Clean off your desk. You really need to learn to find things. You have sticky notes all over the place. Put those books back on the bookshelf. You’re not using them. Throw the old newspapers out. Put up the measuring tape. What’s that doing here? Throw the energy bar wrappers in the trash. Kleenex? Ditto.

Dust your desk. Okay, polish your desk. It has coffee stains on the wood.

Put all the pens into a favorite sports team mug. You can look at it and remember when we had a winning team at something in the metroplex.

Check Facebook again to see if anyone has posted a remark about your post.

Check your favorite blogs and leave a couple of little blog posts. After all, that’s good self promotion.

Make another To-Do List, since you can’t find the other one and you want to make the most of your time.

Write a headline for your article or type a number for your chapter. Good. That’s out of the way.

Get a cup of coffee. You always need that pick me up in mid afternoon. That cup of tea didn’t do a thing for you.

Stare at the computer screen. Wipe that spot of coffee off the screen.

Check your email. Respond to several with questions. A friend wants to know if you watched Castle. No. You saved the episode on Tivo and now you can’t wait another minute to see what happened.

Check your blog to see how many hits you’ve gotten in the last hour.

Begin a blog post.

Answer the phone. It really did ring. Your local political party wants money. Don’t we all?

Write the first sentence. It’s always good to have a hook. Good you’re on your way.

Check your email again. The workshop moderator wants to know why students are lurkers. You fire off a response that life interferes and you’re saving the lectures for a less busy time.

The doorbell rings and there are a couple of women who want to preach the gospel to you. Being the kind soul that are, you listen. Why did you even open the door?

You go back to the computer and the font has changed. Did you do that? Correct the font again.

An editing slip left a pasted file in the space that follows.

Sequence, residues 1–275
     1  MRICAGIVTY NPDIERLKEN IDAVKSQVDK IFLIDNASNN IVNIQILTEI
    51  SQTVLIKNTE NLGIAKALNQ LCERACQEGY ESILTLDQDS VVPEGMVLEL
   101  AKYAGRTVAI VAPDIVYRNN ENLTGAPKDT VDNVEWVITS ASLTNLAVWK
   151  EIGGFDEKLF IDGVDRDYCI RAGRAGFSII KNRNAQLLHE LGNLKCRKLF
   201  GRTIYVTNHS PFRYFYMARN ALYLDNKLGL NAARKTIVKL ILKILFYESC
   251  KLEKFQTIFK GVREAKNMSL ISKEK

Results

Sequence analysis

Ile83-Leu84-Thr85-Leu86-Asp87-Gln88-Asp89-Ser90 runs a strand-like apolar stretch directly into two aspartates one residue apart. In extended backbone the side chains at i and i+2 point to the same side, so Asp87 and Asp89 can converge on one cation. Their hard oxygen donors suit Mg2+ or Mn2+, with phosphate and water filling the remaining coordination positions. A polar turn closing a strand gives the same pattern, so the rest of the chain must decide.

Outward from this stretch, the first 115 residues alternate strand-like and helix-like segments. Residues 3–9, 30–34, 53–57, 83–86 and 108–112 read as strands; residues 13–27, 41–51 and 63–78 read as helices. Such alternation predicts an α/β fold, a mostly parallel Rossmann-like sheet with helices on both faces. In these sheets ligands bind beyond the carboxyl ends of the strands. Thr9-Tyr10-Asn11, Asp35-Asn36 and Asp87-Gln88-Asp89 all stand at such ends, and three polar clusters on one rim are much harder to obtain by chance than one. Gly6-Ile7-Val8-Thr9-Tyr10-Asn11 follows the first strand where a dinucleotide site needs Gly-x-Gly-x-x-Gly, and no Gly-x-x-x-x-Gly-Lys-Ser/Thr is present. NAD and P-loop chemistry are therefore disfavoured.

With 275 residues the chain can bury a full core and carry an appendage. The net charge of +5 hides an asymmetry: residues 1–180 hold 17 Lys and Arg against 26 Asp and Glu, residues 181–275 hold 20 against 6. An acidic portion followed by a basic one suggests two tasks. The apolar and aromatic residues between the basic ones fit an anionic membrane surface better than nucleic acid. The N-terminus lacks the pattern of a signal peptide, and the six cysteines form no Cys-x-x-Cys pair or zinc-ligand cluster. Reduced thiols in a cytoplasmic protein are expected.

Write another couple of paragraphs. Think about the next chapter and what you’ll put in it. You might make your word goal of 250 words a day, but why try to rush it. Good work, after all, can’t be rushed and requires intense thinking.

One day you’ll write that novel. That magical day will come, but first you’ve got to………..

• What things do you have to do first?


Jenna said...

Ha ha! Funny and so true. My life is so busy with my own business and 4 boys. I am trying to carve out regular writing time, but it keeps getting postponed :)

Jeff Turner said...

Very funny indeed !!! Such excuses of course apply to more than one effort you could be undertaking. I will say I wrote the first draft to my #2 book in two weeks. But I am still editing it slowly after penning it in October.

Ruby Johnson said...

Thanks for your comments. When I had school age kids, I remember how busy I was with work,call, graduate school,and keeping up with the kids activities-basketball, softball,gymnastics,tap dance, ballet, modeling, dentist and doctor's appointments.
I seriously looked at my schedule and found that I was wasting a lot of time waiting in the car for Heather and Anne as they flipped across mats, tapped, played ball, sitting in the doctor's or dentist’s waiting room , and standing in line at the grocery store …not to mention waiting while dinner cooked, the washer ran, and “enduring” a few squabbles when one daughter went into the other's room uninvited.

I had to fiqure out how I could carve some writing time out of my overloaded day and get some words on paper. You can probably find some time in your schedule too. You may have your own blocks of in “somebody’s” office or waiting in the car for your own little boys!
I'm not saying you can write a novel in the car, but you can certainly write a paragraph, or the start of a poem if you can fine 10 minute blocks that you can work in. Carry that notebook with you and fill it up.